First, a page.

[ASC-list] The (blurry?) line between communication and knowledge sharing

Sarah Keenihan sarahkeenihan at gmail.com
Tue Jul 15 03:07:28 UTC 2014


Hi everyone,
I do think that the matter of what we call ourselves is an interesting one in that it invites an analysis of who feels like they belong. 
We are called Australian Science Communicators. Does this mean that professionals who don't call themselves 'science communicators' - for example, scientists who do occasional communicating of science to a general audience, or journalists who communicate science every now and then - don't feel part of the scene? 
Would be attract more members, or more conference attendees if we seemed more inclusive/had a different title?
I don't know, just food for thought. 
Sarah





Sarah Keenihan
PhD | BMedSci | GradDipSciComm

Freelance science writing and editing

mobile | 0419 976 834 
twitter | @sciencesarah
website | http://sciencesarah.wordpress.com/
blog | http://scienceforlife365.wordpress.com/ 










On 15/07/2014, at 10:44 AM, Rob Morrison wrote:

> ​For my money, Jenni is spot-on.
> 
> Terms like "knowledge-broker" and "wordsmith" grate badly to me, like teachers "interfacing" with their students as they are yet further examples of the jargon-creep that infests so much communication; using jargon and in-group terminology to suggest that what is going on is specialised, highly qualified and somewhat superior. Education is full of this sort of thing, and it makes a lot of bureaucratic communication ludicrous.
> 
> You could not get a clearer description of those who communicate science than to call them science communicators. It is direct, accurate and clear.
> 
> Admittedly it is also broad, encompassing everything that Michelle lists and more, but you could also say the same of the more pretentious terms, with the added problem that they are as unclear as they are portentous.
> 
> Part of our claim is that we can take badly communicated science or difficult science and make it comprehensible. Quite a few of us make our living by doing just that. The old journalistic maxim of making things understandable to an intelligent 10-year-old is a good one to keep in mind. If we start to take the clear description of our own profession and try to turn it into the same kind of bureaucratese that we are supposed to counter, it seems a bit subversive to me, and not a good way to advertise our clarifying and explaining skills.
> 
> That said, the term is so broad that we might do well to try to sort out some divisions within it. When I was VP we looked several times at establishing "chapters" in ASC, where people could find other science communicators who shared their particular science communication interests, but that involves further clarification of a good term, not muddying the only one we have.
> 
> 
> 
> Dr Rob Morrison
> rob.morrison at flinders.edu.au
> Phone: (08) 8339 3790
> Fax: (08)8339 6272
> From: ASC-list <asc-list-bounces at lists.asc.asn.au> on behalf of Jennifer Metcalfe <jenni at econnect.com.au>
> Sent: Tuesday, 15 July 2014 5:29 AM
> To: Michelle Kovacevic; asc-list at lists.asc.asn.au
> Subject: Re: [ASC-list] The (blurry?) line between communication and knowledge sharing
>  
> I’ve always thought that ‘knowledge broker’ was just a fancy term for communicator…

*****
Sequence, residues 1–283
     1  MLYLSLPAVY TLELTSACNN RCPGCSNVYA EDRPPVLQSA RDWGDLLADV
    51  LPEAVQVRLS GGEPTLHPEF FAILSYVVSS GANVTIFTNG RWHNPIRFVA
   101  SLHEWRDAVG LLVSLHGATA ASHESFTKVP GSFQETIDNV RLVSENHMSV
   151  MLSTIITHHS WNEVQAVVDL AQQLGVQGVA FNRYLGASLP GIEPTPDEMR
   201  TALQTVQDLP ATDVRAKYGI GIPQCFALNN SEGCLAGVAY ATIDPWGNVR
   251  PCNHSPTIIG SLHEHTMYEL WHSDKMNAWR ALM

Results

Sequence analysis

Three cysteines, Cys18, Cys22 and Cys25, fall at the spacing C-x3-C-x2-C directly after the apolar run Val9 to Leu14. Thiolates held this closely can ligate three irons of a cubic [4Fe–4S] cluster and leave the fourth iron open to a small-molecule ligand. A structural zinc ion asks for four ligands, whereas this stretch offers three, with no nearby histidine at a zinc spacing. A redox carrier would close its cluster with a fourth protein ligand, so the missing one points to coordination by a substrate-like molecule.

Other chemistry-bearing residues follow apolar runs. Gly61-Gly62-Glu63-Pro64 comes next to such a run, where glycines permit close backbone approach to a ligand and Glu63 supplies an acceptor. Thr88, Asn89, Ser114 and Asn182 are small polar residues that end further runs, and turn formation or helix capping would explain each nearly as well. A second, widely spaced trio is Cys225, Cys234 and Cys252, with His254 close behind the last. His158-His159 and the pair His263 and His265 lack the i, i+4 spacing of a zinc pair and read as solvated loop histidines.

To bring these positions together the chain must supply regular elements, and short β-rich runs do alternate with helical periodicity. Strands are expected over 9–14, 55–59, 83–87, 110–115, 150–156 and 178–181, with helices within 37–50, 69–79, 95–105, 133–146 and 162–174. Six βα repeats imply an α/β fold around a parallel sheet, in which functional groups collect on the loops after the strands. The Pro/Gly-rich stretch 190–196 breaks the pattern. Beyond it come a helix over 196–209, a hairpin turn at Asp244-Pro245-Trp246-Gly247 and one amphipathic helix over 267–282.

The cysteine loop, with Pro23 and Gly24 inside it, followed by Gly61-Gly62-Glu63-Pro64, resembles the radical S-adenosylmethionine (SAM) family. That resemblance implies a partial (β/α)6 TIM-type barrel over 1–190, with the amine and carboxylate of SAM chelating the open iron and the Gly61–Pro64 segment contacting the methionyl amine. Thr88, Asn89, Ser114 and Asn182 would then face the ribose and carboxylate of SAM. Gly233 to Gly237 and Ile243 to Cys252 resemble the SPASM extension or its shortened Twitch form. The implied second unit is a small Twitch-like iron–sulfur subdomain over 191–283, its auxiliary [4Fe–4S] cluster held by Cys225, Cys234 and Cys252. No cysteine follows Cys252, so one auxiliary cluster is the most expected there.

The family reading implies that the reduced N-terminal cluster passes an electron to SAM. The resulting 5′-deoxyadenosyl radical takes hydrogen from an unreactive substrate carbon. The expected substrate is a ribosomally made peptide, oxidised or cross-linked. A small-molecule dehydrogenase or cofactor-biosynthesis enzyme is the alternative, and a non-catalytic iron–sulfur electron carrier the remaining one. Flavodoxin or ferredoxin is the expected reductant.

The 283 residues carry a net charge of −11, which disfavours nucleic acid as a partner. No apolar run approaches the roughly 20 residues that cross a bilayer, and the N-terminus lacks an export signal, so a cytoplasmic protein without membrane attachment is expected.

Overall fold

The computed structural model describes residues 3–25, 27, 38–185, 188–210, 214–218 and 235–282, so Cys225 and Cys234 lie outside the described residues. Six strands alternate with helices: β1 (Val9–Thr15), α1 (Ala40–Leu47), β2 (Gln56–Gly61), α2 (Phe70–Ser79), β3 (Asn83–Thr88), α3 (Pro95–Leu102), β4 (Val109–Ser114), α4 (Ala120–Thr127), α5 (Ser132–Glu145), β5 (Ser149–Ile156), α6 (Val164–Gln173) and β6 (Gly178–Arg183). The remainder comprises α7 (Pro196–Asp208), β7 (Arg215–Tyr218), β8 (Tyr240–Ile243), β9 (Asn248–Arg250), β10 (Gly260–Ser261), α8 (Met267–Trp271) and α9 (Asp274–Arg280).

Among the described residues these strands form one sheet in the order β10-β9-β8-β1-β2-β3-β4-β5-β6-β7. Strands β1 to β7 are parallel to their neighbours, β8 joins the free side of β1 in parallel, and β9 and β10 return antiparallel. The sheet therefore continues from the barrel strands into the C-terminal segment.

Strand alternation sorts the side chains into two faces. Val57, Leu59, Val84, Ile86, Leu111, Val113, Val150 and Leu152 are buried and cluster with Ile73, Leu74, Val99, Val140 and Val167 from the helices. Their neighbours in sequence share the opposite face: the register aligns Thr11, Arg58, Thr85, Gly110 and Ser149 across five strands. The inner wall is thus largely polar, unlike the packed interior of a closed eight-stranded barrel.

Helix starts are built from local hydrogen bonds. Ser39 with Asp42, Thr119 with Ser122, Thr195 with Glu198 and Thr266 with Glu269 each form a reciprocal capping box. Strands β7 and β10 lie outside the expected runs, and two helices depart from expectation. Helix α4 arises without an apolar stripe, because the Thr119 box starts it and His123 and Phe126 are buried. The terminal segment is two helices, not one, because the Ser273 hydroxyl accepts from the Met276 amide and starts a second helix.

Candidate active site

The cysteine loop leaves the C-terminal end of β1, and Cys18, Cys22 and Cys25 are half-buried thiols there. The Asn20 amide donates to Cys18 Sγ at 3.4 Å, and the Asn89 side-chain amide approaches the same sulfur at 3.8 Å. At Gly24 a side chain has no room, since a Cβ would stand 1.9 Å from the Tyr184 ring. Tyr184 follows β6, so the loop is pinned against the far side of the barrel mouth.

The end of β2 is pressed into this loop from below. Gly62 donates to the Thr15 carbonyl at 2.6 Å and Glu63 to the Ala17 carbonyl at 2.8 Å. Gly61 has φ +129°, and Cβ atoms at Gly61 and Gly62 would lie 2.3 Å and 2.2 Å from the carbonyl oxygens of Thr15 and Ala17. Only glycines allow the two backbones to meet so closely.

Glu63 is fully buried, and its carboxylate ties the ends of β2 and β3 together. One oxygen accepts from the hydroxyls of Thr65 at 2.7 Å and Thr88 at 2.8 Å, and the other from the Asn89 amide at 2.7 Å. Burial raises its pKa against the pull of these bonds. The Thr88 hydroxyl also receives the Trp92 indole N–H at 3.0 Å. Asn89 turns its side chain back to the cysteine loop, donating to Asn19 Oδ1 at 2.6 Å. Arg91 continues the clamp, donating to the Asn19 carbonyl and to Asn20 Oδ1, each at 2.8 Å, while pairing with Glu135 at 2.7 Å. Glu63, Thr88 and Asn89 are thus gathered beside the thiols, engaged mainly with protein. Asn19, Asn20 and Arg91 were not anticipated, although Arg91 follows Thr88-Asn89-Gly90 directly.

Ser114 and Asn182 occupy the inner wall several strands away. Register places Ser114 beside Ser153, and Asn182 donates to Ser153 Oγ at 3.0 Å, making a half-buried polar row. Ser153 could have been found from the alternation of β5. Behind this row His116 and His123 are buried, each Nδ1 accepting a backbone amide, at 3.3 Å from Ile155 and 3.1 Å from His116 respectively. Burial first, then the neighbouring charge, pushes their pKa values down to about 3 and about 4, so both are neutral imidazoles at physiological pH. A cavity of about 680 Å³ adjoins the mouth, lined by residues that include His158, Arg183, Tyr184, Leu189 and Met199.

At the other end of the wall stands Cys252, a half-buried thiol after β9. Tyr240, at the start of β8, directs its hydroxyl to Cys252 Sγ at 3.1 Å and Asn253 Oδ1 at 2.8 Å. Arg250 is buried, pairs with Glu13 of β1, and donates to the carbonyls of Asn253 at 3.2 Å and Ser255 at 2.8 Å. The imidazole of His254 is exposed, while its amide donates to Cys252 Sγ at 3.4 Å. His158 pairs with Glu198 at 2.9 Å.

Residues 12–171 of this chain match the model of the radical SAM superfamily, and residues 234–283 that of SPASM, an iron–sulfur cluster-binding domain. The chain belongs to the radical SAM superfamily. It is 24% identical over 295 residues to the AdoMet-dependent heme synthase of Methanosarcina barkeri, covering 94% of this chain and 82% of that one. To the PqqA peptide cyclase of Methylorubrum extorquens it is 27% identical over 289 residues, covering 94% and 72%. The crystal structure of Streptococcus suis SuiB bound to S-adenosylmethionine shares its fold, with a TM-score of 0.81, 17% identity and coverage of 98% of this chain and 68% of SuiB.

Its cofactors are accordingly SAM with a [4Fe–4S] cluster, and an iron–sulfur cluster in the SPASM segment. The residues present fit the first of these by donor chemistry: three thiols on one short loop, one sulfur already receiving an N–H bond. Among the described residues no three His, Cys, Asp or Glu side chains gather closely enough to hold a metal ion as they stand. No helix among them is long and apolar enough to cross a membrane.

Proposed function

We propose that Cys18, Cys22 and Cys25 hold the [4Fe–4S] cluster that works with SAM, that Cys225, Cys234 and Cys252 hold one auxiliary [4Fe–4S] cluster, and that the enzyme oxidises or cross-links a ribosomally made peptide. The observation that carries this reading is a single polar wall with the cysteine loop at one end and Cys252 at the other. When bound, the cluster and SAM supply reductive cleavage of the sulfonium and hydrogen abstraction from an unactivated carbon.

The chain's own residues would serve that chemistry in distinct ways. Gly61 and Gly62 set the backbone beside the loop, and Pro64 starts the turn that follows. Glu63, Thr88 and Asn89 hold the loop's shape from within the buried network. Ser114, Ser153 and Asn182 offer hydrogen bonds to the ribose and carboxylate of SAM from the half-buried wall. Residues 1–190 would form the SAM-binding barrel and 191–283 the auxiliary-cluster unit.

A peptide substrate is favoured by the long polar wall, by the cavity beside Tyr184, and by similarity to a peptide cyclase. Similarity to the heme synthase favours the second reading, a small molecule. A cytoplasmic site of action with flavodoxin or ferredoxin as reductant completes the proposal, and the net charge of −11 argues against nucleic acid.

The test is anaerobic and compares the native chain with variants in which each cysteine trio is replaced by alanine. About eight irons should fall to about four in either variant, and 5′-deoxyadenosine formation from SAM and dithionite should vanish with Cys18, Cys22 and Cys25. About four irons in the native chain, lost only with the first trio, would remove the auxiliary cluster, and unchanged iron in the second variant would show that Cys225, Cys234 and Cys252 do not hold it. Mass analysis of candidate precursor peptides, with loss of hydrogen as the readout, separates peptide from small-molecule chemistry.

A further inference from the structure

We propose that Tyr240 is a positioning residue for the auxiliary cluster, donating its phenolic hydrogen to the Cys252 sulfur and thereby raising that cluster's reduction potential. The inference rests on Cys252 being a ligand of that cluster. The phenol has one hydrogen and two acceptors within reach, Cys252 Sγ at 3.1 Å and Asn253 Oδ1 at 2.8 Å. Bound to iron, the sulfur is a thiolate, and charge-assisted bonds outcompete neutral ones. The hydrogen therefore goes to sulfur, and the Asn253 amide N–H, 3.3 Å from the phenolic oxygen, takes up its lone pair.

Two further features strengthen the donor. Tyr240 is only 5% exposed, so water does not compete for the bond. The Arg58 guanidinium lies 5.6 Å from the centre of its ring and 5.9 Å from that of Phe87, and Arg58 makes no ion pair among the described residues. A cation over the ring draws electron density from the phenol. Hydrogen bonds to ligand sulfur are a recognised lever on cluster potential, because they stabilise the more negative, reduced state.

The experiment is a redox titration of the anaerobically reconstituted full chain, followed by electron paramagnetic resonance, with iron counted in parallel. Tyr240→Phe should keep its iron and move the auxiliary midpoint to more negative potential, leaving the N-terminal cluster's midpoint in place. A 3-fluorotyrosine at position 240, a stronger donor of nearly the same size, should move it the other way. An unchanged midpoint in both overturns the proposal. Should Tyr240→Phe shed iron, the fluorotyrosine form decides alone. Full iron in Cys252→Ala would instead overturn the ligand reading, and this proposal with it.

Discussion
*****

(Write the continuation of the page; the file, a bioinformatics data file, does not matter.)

> It was invented to make communication sound more important and palatable to those who don’t value the role properly…
>  
> Science communicators have a variety of roles and knowledge broker or manager is just one of those many roles… an important one, especially when facilitating the sharing of knowledge between scientists and others…
>  
> J
>  
> Jenni Metcalfe
> PhD Student at University of Nottingham, Sociology Dept, UK, Feb-August, 2014
> Universitas 21 exchange from the University of Queensland, Australia
> Director, Econnect Communication, www.econnect.com.au
> Mobile: UK +44 (0) 7473 109 685; or Australia +61 (0) 408 551 866
> jenni at econnect.com.au
> skype: jenni.metcalfe
> twitter: @JenniMet
>  
> From: ASC-list [mailto:asc-list-bounces at lists.asc.asn.au] On Behalf Of Michelle Kovacevic
> Sent: Monday, 14 July 2014 7:17 AM
> To: asc-list at lists.asc.asn.au
> Subject: [ASC-list] The (blurry?) line between communication and knowledge sharing
>  
> Hi ASC-ers,
>  
> Over the past few months I've been introduced to the concepts of knowledge management and knowledge sharing, but to be honest I still don't know where the the role of "communicator" ends and "knowledge manager/sharer/broker" begins.
>  
> It seems one of the postulated differences is that communication is a "one-way" process of information provision and passive reception, whereas knowledge sharing is more of holistic process, connecting users and producers of information (knowledge? semantics?) so they can co-create a "knowledge product" that serves multiple needs. 
>  
> To date, my job as a "science communicator" has involved aspects of writing, editing, multimedia, project management, education, data management, training, PR and research, amongst other things. 
>  
> To me, effective communication cannot be defined a passive, one way process if it truly wishes to be effective and I don't think, as a science communicator, I have ever practiced it as such.
>  
> Would be keen for the community's thoughts on whether we should be calling ourselves communicators vs when we might be knowledge managers/brokers? Or does it even matter what we call ourselves?
>  
> Cheers,
>  
> Michelle
>  
> --
> Michelle Kovacevic
> Communicator. Educator. Project Manager. Scientist. Creative Thinker.
> michellekovacevic.com (beta)
> Find me on: LinkedIn | Twitter | SlideShare
> _______________________________________________
> ASC-list mailing list
> list at asc.asn.au
> http://www.asc.asn.au/index.php?option=com_content&task=view&id=97&Itemid=115

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